The  tropical lowland forest of Central Africa is the second largest forest in 
the world, and home to an extraordinary range of biological diversity. 
Three of the world's four species of Great Apes  are  found  there  (gorillas, 
chimpanzees and bonobos), along with  half the elephants  of  Africa,  rare 
animals such as the bongo and the okapi, and  a  wealth  of different types 
of trees, plants and fruits.

They provide humans with food, shelter, wood, and   medicines, as well  as 
helping  to prevent global warming. The delicate balance  that exists within 
this ecosystem  is  now under threat. Poachers have brought some species 
to the brink of  extinction, irresponsible loggers have destroyed large areas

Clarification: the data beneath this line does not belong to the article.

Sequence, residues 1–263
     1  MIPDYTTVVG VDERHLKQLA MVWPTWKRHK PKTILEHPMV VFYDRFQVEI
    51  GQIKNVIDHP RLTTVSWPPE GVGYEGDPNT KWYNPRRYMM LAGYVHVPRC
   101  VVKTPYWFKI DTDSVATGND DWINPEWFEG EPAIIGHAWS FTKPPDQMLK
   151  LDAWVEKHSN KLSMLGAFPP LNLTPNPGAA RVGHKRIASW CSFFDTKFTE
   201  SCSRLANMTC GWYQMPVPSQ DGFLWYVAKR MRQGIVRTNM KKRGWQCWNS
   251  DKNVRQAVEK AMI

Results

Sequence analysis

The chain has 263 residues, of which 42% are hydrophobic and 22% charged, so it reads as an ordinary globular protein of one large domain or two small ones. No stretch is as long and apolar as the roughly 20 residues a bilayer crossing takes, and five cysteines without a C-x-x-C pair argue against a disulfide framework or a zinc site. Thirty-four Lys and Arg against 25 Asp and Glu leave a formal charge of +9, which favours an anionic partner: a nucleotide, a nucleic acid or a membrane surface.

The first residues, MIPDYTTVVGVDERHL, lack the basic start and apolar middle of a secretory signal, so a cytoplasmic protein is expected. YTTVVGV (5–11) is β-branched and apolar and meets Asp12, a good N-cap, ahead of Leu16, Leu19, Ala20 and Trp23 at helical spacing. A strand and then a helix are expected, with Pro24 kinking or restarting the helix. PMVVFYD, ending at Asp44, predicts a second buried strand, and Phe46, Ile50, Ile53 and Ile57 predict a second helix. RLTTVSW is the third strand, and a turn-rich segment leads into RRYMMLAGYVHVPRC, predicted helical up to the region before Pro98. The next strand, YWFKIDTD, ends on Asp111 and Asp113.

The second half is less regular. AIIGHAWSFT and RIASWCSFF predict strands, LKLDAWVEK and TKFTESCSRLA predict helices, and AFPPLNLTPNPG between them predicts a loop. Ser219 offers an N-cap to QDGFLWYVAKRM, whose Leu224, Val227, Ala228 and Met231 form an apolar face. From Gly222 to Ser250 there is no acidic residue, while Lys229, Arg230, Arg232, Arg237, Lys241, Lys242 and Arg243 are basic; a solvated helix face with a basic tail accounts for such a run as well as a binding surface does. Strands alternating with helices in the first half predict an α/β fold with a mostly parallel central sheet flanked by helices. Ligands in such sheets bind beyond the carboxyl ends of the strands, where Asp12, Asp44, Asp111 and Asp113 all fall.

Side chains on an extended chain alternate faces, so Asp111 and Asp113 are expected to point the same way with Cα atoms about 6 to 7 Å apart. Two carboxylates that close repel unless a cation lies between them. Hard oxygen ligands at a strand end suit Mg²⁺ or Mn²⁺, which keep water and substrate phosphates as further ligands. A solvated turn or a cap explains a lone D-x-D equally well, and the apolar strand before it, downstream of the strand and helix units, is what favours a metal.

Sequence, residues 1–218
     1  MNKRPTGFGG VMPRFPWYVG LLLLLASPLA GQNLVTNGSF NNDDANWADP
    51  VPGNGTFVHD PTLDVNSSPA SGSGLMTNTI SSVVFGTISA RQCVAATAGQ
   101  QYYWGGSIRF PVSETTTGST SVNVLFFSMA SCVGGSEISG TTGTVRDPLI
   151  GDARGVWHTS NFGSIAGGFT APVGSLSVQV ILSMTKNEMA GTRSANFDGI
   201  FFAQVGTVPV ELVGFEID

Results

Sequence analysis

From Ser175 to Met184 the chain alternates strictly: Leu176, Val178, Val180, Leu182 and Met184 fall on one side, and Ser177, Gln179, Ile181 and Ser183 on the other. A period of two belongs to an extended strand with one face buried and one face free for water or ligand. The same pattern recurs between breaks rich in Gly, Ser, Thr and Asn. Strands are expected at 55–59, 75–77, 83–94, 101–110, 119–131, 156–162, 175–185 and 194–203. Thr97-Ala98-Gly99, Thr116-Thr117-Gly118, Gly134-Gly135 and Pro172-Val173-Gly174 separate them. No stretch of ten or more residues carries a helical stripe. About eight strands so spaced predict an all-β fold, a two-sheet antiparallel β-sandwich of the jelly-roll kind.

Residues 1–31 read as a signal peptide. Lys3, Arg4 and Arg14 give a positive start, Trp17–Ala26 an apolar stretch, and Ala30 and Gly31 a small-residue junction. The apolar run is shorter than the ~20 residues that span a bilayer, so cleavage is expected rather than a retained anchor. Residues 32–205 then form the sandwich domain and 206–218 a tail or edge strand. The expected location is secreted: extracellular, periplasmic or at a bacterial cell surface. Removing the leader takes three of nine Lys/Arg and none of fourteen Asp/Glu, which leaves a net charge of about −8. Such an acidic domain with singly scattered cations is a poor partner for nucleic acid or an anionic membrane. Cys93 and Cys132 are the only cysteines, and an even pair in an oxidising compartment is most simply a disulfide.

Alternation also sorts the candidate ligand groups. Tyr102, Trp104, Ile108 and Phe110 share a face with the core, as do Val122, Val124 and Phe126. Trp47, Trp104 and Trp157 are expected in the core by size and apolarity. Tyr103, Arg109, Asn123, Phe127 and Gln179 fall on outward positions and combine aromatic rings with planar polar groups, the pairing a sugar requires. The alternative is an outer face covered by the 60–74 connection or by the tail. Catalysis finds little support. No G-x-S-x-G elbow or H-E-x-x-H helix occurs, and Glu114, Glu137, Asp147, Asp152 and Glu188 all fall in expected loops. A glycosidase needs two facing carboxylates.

of forest, and pressures from  an  increasing  human population have   seen 
large areas of wilderness converted into farmland. 
This excessive exploitation of the forest's natural resources means that the 
future is uncertain.

In partnership  with  the  Congolese  government, WCS-Congo is helping to 
ensure that these forests are protected. WCS currently helps manage three 
Protected  Areas,     the   Nouabalé-Ndoki     National    Park   (NNNP),  the 
Conkouati-Douli  National  Park  and   the   Lac Télé Community Reserve, as 
well as a protective 'buffer zone' around  NNNP.  This  partnership   between 
the   Congolese   government   and   WCS  ensures  that  these  zones  are 
effectively   managed,  working  towards  the  sustainable  management  of 
the region's natural resources.

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